Reading the Declaration of Independence and the Constitution of the United States back-to-back makes clear the Founding Fathers’ focus on individual liberty. The Founders understood that “in order to form a more perfect union,” it was critical for government to stay out of the way. The laundry list of grievances against the King of Great Britain—which is what the Declaration mostly is, referring to them as “facts” for a “candid world”—reveals the colonial belief that people cannot be free under a tyrant. In fact, the Declaration makes the bold claim that a tyrant “is unfit to be the ruler of a free people.” This phrase served as the announcement to a listening world that the medieval notion of the “divine right of kings” was official dead in America. With a few strokes of his pen, Thomas Jefferson escorted the European idea of nobility to the exit.
That the Constitution was to be understood as a continuation of the Declaration is made clear by its final paragraph:
Done in Convention by the Unanimous Consent of the States present the Seventeenth Day of September in the Year of our Lord one thousand seven hundred and Eighty seven and of the Independence of the United States of America the Twelfth.
Dating the Constitution according to both the Gregorian calendar (the year of our Lord 1787) and the Declaration (1787 being the twelfth year after 1776) was an indication of both its place in history and its source of authority. Matthew Spalding writes:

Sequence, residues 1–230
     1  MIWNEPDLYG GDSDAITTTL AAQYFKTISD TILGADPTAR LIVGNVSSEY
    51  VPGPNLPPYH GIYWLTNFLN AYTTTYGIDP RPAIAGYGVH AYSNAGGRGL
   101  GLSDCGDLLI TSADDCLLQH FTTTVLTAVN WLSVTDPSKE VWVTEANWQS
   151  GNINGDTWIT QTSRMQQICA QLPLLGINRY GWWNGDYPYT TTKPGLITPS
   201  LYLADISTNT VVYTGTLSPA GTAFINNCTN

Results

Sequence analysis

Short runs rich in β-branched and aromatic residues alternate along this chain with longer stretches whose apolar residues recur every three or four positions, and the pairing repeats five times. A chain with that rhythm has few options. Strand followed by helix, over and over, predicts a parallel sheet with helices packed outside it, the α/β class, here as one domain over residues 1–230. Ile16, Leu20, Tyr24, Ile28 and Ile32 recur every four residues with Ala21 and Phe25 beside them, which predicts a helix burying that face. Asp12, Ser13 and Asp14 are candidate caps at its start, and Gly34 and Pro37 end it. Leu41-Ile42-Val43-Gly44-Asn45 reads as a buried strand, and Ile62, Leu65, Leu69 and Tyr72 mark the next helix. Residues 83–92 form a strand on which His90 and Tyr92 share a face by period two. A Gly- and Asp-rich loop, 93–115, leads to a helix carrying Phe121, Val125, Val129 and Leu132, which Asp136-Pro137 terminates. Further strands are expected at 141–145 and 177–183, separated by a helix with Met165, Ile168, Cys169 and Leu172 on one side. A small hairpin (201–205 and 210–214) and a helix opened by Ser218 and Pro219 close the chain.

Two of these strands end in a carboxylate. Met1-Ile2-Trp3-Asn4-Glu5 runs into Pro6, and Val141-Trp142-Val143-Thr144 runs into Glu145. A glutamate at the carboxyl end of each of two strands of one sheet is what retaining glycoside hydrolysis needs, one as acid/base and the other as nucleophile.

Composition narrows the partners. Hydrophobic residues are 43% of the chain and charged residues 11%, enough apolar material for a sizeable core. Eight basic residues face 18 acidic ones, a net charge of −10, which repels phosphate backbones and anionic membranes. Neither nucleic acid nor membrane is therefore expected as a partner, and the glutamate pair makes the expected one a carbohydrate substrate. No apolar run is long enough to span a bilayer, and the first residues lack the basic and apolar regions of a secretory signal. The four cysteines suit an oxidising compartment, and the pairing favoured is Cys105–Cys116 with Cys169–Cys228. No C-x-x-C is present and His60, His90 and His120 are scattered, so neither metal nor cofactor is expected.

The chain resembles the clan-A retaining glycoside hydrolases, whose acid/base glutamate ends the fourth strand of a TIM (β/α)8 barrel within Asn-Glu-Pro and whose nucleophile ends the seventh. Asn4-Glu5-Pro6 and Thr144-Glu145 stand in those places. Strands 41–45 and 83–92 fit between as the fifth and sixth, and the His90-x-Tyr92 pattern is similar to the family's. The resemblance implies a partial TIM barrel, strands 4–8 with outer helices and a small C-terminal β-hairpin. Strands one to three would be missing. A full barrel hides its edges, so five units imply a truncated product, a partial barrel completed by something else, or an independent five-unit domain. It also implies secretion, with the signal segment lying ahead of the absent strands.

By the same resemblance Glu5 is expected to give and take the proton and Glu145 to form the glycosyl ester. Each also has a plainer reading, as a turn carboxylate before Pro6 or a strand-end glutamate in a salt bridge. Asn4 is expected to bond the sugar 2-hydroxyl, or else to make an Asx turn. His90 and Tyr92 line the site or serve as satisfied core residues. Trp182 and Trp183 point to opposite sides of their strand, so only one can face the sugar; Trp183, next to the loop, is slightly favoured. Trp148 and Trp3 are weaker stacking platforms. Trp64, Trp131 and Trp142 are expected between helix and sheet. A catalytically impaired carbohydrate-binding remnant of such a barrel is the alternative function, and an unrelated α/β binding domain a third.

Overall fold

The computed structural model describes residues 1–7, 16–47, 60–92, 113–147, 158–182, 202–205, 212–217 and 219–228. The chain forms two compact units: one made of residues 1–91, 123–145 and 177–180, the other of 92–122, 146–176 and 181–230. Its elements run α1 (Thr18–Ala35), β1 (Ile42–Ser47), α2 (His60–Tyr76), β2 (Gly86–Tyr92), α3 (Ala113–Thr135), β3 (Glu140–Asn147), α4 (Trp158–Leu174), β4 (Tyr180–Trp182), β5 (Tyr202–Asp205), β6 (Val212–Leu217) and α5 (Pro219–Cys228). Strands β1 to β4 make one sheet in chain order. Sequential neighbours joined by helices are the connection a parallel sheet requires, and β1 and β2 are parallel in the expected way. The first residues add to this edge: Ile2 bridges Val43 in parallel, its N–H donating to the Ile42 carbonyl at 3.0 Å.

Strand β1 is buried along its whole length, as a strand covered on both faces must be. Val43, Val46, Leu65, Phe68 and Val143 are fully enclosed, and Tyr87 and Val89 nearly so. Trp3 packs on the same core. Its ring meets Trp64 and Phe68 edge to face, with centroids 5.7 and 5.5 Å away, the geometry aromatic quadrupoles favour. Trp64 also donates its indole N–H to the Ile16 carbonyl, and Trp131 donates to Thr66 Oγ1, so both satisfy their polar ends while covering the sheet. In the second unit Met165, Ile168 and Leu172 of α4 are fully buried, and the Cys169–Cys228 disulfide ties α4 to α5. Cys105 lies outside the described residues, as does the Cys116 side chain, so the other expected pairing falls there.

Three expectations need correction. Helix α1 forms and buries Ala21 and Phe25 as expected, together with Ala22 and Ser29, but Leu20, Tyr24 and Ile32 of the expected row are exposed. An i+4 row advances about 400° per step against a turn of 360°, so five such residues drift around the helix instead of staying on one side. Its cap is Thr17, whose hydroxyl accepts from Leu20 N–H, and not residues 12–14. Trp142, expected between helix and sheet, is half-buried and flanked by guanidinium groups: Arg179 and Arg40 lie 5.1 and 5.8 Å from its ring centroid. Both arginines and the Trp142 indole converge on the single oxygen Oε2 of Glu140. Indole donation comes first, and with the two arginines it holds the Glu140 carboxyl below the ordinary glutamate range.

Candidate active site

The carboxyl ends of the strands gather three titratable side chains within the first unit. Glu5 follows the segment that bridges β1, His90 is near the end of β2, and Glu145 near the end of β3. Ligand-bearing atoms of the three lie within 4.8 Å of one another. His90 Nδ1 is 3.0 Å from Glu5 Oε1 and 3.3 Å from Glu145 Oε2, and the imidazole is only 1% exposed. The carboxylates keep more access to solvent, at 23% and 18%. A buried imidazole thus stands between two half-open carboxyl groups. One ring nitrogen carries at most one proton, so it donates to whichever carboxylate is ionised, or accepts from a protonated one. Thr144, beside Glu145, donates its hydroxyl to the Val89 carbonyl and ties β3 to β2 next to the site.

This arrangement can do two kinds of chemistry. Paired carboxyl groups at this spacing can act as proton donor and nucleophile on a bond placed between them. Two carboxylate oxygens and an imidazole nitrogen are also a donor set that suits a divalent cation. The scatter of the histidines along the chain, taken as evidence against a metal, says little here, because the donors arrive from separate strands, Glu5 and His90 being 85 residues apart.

The language here is neither insignificant nor unintentional: these dates serve to place the document in the context of the religious traditions of Western civilization and, at the same time, to link it to the regime principles proclaimed in the Declaration of Independence, the Constitution having been written in the twelfth year after July 1776. The usage stands in contrast to both the contemporary British tradition, in which documents were dated to the reign of the sitting monarch (see the Magna Carta of 1215 and the Petition of Right of 1628), and the French decision in 1793 to reject the Gregorian calendar altogether and begin measuring time starting with the French Revolution.
This dating of the Constitution, which may seem like a mere formality to us today, is nothing short of a bold statement. It proves that the Founders did not see themselves as “revolutionaries” as we are so quick to label them, but as continuers of the Western tradition. It means that they understood themselves to be reformers. It means that they understood Britain to be the real revolutionaries, not themselves. Britain had long since left the “religious traditions of Western civilization” and the Founders saw it as their responsibility to restore it in the States by means of the Declaration and the Constitution.
Interestingly, a quick read over the Declaration should be enough to convince any reasonable American that our own government has become just as—more so even—corrupt and tyrannical as King George III. It only serves to confirm Lord Acton’s famous dictum that “Power corrupts and absolute power corrupts absolutely.” Perhaps the time has come for a second Declaration, substituting “Congress” for “King” and addressing it to Washington instead of Great Britain.